From the total of participants responding, 173(43.25%) were smokers. Only Ten (2.5%) participants consumed alcohol over the last 30 days preceding the time of data collection. Three hundred six (76.5%) participants ate fruits two or fewer days in a week. Forty-seven (11.75%) participants ate vegetables for two or fewer days during regular weekdays. One hundred thirty-seven (34.25%) adults were not involved in adequate physical activity or physical inactivity (Table 2).

3.2. Physical and Biochemical Measurements

3.3. Prevalence of Diabetes Mellitus

The majority, 76.25% (305/400), of the study participants were normoglycemic, whilst 11.5% (46/400) of the respondents were prediabetics (Table 3) (Figure 1). The DM prevalence was found to be 9.75% (39 out of 400).

3.4. Factors Associated with Diabetes Mellitus

Study participants with high waist circumference were 2.57 times more likely to be DM positive than those whose waist circumference was normal (OR = 2.57). Regarding body mass index, being overweight and obesity was also independently associated with the prevalence of DM. Respondents who were overweight were 2.587 times at more risk of being DM positive than those with standard body mass index (OR = 2.587). Respondents who were obese were 4.17 times at more risk of being DM positive than those with normal body mass index (OR = 4.17). Similarly, individuals with smoking habits were about 1.253 times more likely to be DM positive compared to study subjects who never smoked in their lifetime (OR = 1.253). Inactive respondents were 5.587 times at more risk of being DM positive than those who were active (OR = 5.587). Female respondents who were 1.568 times at more risk of being DM positive than male respondents (OR = 1.568). The age of respondents was also independently associated with the prevalence of DM. Respondents aged 36-50 years old, 51-65 years old and 66-93 years old, were at least 1.475 times, 2.136 times, and 2.563 times respectively, at higher risk of being DM positive than 18-35 years aged respondents. (Table 4).

4. Discussion

According to the study, the prevalence of Diabetes mellitus was found 9.75% (39 out of 400). According to IDF, the prevalence of Diabetes in Bangladesh was 6.3% in 2013, it was approximately 6.9% in 2017, but some studies were assessed to be 8.5% to 10%. The pre-diabetes prevalence was found to be 11.5% in the present study, which is higher than the estimated 5-8% national prevalence of Bangladesh. This suggests that the DM prevalence in the study region may increase soon as there is a risk of progression of the prediabetic condition to the diabetic.

The present study has reported some established and hypothesized associated factors. This study evidenced that there was a significant relationship between Diabetes mellitus and smoking habits. The exact mechanism of why smoking enhances the chance of Diabetes and decays glucose homeostasis has not been fully clarified, but the available proof shows that the practice increases insulin resistance. Smoking has also farther been linked with the development of chronic pancreatitis and pancreatic cancer 8. Expanded abdominal fat stores have been assumed to affect insulin action by releasing free fatty acids (FFA). Besides, fat cells emit indicating factors, for example, interleukin-6 (IL-6) and tumor necrosis factor-α (TNF-α), which are connected to the development of insulin resistance 9.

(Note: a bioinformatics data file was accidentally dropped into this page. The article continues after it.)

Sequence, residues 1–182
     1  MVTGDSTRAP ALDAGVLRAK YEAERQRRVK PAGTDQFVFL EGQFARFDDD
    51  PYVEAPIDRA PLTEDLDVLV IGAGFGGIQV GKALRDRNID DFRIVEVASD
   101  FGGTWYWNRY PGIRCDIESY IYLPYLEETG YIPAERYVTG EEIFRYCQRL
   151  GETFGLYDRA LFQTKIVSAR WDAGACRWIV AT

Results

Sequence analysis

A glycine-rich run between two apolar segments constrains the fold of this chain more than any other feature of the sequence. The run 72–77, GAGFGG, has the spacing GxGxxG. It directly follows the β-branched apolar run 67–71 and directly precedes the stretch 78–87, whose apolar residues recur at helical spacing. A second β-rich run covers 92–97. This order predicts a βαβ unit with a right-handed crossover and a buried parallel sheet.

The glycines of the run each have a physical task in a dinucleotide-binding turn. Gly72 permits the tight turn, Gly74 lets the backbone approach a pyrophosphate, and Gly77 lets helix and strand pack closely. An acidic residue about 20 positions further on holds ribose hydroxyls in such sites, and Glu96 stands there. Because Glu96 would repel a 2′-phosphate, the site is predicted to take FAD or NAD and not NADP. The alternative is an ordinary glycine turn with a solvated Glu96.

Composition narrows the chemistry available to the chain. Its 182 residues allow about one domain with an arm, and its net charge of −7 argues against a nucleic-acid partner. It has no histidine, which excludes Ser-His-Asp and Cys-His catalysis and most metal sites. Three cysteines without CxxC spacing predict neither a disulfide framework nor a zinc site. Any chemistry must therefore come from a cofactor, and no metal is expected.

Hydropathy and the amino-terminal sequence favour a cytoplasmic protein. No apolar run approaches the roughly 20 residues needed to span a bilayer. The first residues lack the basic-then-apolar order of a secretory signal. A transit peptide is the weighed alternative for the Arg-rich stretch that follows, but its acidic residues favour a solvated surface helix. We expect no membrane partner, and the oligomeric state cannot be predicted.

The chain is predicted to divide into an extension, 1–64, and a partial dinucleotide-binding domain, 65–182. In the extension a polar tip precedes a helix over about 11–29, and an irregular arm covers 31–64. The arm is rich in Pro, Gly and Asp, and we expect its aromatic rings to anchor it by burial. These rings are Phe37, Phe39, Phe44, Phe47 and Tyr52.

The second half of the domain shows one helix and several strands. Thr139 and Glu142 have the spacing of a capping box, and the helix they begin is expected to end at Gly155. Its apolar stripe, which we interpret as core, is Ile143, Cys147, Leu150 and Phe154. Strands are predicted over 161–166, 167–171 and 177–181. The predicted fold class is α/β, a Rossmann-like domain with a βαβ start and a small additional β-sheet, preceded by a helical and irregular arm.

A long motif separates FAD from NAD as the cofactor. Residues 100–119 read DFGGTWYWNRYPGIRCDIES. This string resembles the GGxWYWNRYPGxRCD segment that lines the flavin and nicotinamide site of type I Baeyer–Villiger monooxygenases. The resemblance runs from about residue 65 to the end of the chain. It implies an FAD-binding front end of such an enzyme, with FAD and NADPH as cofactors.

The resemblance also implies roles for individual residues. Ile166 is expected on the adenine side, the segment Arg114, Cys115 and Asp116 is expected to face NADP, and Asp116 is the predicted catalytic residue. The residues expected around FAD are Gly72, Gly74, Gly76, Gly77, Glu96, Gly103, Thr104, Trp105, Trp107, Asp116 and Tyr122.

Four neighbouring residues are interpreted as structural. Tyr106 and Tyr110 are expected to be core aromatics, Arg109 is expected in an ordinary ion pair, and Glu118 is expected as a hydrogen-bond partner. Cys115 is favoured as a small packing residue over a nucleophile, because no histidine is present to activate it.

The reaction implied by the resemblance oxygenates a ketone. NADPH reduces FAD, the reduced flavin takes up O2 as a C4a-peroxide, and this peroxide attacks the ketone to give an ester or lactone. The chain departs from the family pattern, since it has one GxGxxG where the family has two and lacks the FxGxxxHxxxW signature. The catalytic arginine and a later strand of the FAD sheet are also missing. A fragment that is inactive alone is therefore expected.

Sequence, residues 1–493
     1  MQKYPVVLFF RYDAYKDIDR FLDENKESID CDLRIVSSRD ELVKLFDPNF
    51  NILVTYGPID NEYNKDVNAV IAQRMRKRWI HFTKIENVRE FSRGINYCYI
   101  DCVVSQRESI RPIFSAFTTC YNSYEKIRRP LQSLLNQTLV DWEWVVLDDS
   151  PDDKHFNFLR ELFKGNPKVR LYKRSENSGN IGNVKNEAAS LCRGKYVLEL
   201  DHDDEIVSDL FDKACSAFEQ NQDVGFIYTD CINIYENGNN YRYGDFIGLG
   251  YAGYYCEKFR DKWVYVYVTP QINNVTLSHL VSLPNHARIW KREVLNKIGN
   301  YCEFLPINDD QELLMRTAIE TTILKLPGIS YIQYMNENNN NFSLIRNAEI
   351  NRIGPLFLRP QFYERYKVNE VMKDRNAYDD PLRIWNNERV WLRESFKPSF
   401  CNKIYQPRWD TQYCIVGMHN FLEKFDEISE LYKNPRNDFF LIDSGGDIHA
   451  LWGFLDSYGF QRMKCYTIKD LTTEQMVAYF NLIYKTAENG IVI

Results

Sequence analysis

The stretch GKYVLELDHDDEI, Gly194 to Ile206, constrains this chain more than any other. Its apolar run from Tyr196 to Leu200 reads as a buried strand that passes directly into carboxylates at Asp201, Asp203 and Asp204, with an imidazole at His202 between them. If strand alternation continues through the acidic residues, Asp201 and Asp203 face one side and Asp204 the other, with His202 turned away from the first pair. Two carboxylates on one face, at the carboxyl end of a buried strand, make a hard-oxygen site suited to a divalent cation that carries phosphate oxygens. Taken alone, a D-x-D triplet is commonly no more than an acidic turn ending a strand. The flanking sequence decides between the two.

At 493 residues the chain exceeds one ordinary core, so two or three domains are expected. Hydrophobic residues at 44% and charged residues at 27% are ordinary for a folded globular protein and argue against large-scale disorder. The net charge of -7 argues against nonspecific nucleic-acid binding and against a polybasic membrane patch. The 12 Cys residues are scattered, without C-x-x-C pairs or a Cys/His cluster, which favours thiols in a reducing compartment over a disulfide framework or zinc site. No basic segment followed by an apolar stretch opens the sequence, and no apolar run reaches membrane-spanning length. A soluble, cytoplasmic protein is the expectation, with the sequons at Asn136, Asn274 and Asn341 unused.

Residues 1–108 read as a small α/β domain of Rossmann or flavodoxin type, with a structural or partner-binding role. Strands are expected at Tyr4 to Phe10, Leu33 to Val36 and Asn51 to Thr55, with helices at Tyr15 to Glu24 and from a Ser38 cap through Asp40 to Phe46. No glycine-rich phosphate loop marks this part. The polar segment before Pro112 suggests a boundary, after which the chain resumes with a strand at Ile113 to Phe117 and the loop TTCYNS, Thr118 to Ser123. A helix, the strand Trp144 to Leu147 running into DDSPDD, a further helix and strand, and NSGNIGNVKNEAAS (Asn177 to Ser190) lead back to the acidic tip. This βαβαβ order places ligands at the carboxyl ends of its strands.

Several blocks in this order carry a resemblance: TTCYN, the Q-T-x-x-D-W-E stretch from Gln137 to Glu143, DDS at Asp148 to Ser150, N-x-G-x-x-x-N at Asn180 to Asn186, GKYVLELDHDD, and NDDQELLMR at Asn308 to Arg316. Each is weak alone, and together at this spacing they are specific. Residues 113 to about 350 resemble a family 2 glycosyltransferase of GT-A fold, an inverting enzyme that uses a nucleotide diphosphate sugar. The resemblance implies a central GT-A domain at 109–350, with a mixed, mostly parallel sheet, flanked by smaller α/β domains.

This study's main limitation is that Diabetes mellitus was diagnosed with a glucose meter from capillary blood. The process is not as accurate as plasma glucose estimation. Besides, study subjects did not track their exact fasting time in some cases, which might have influenced the overall DM prevalence. The study was not adequate to classify the different types of DM, and this is another shortcoming of the study.

5. Conclusion

The study showed a 9.75% prevalence of Diabetes mellitus, which was higher than the predicted national prevalence of 5-8% DM. This prevalence rate is an alarming indicator as it has been predicted that much of the global increase in DM is anticipated to be in Bangladesh. Body mass index, Waist circumferences (WC), smoking habits, hypertension, and physical activities were significantly associated with Diabetes. These determinants related to DM were probably modifiable. Therefore, targeting the prevention approach to such modifiable risk factors might decrease the prevalence of Diabetes mellitus in the study area.

Acknowledgements

This paper and the research behind it would not have been possible without the extraordinary support of Khaleda Islam, Professor of Institute of Nutrition and Food Science, University of Dhaka, Bangladesh. Her experience, enthusiasm and extreme attention to every detail have been a motivation and kept our work on track. We would also like to thank My Classmates Omar Faruk, Jakaria Al Mamun, Md. Sohel Rana for the assistance and encouragement to pursue to the study. We also wish to thank our family members for the unconditional love and support. Last but not the list, we thank Almighty for reasons too numerous to mention.

Ethical Consideration

This study was approved by Ethical Review Board of University of Dhaka. The researchers clarified the objective of this research and obtained informed consent from the respondents.

Funding

No funding to be mentioned.

Competing Interest

Authors declare to have no conflict of interest.

References

[1]  H. E. Lebovitz, “Diagnosis, classification, and pathogenesis of Diabetes mellitus,” The Journal of Clinical Psychiatry, vol. 62, Supplement 27, pp. 5-9, 2000.
In article